FEAT UR E Over the years, guerrilla marketing has been used not only by small, cash-strapped companies looking to gain notoriety, but also by large firms. In the current scenario of world economic instability, where “the value of products goes well beyond their physical properties, it is no longer effective to advertise them by mentioning those physical properties. The traditional informative dimension of advertising becomes completely sidelined giving way to directly appealing to the consumers’ emotions” (Veríssimo 2001, p. 54). Large companies look at guerrilla marketing as a complement to communication plans, since it involves more direct communication and interaction with the consumer. By appealing more to people’s emotions than to rational thinking, guerrilla advertising allows consumers to consider the spirit of products and brands. More than meeting physical needs, products should meet needs that are “psychological, emotional: desires and fears” (Ferrés 1998, p. 203).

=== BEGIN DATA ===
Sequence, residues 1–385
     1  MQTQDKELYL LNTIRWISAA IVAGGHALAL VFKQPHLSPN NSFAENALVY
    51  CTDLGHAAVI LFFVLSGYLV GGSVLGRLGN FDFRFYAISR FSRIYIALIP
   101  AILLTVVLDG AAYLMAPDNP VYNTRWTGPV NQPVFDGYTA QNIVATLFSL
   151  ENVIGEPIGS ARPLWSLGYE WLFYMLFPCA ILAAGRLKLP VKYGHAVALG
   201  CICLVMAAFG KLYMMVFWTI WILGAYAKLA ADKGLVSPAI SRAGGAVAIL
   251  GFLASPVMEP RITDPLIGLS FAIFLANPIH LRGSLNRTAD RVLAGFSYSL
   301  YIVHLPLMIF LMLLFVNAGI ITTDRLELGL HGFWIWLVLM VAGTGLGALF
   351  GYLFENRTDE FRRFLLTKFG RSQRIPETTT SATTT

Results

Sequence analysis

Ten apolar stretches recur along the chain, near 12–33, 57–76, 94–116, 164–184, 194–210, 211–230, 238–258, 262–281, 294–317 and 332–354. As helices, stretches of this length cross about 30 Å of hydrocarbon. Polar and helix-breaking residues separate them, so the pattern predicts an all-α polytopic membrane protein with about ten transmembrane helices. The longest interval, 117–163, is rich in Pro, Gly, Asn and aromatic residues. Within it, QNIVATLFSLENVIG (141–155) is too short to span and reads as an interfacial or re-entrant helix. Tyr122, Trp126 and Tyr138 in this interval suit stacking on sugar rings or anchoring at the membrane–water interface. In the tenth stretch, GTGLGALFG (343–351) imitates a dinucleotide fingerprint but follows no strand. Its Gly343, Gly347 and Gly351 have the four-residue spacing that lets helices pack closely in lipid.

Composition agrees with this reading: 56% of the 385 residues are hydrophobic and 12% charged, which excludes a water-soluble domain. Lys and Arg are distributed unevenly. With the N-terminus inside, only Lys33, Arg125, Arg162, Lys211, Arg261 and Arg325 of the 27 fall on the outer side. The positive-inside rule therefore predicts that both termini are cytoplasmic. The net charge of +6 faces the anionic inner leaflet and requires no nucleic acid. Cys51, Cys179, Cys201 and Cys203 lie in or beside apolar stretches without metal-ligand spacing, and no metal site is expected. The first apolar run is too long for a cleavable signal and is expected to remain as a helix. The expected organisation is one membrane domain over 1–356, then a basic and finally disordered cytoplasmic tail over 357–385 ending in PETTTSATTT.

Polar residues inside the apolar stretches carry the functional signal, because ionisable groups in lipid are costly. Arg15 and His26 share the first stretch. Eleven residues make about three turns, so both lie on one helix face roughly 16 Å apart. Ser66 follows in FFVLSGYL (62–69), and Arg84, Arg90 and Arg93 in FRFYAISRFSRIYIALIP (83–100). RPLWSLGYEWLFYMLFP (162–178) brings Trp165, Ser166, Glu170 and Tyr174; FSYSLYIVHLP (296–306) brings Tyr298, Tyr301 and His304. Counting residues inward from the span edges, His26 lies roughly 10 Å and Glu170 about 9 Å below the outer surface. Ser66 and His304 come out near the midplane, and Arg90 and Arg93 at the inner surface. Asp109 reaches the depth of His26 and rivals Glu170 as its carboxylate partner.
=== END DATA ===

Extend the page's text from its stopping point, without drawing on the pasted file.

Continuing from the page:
Analysis of Interviews In the book Guerrilla Marketing Attack, Jay Conrad Levinson maintains that small and medium-sized companies can compete with large companies by using weapons based on creativity and innovation (Levinson 1989, p. 195). Flávio Gart, creative manager at the Bazooka Guerrilla Marketing Agency, confirms this idea, adding that “these days, reaching out to the public is more difficult … and, in general, people who turn to guerrilla marketing are people who need to communicate with a greater degree of difference and more insight” (Bazooka – exclusive interview, 2013). Gart points out that brand memorization is minor and, because of the short time frame for memorizing brands, guerrilla marketing is suitable for catching people’s attention. Lígia Santos agrees with this idea and states that “a good guerrilla initiative serves to find a place in a congested market and position its brand to draw and hold the consumer’s attention” (Santos 2010, p. 13). She further states that “companies wishing to leave their brands etched in the minds of consumers will have to come up with alternatives to conventional media.” According to Gart, emotions are causing an increasingly greater impact on brands than logical arguments.” The Fuse Marketing agency takes this a step further, saying that “emotions can sell more products, people also need to find value in such products, and the main thing in a campaign is to convince them that a product has value” (Santos 2010, p. 13). Another issue is guerrilla marketing’s ability to alter the behaviours and habits of potential consumers. Gart feels “it is pretentious to say marketing alters behaviour,” Interference Inc., meanwhile, is of the opinion that campaigns do alter behaviours. The advertising agency Street Attack maintains that “consumer habits are so strange and very often so stereotyped that making predictions is hardly reliable. That’s why a result cannot be planned. Unfortunately, there is much more ‘mind control’ taking place in the media … thus, it becomes a question of psychology of the masses and of what should be consumers’ behaviour at this time” (Street Attack – exclusive interview, 2013). The current economic scenario has proven challenging for many companies. At a time when “saving” is the watchword, how should companies react to such a scenario? Should they slash advertising expenses? Should communication be done differently? Are there more affordable alternatives? The companies we interviewed are almost unanimous with regard to such issues. Gart states that if the company is forgotten, it dies. It’s as if it didn’t exist. Street Attack says that, during these tough economic times, marketing strategies have been more geared 20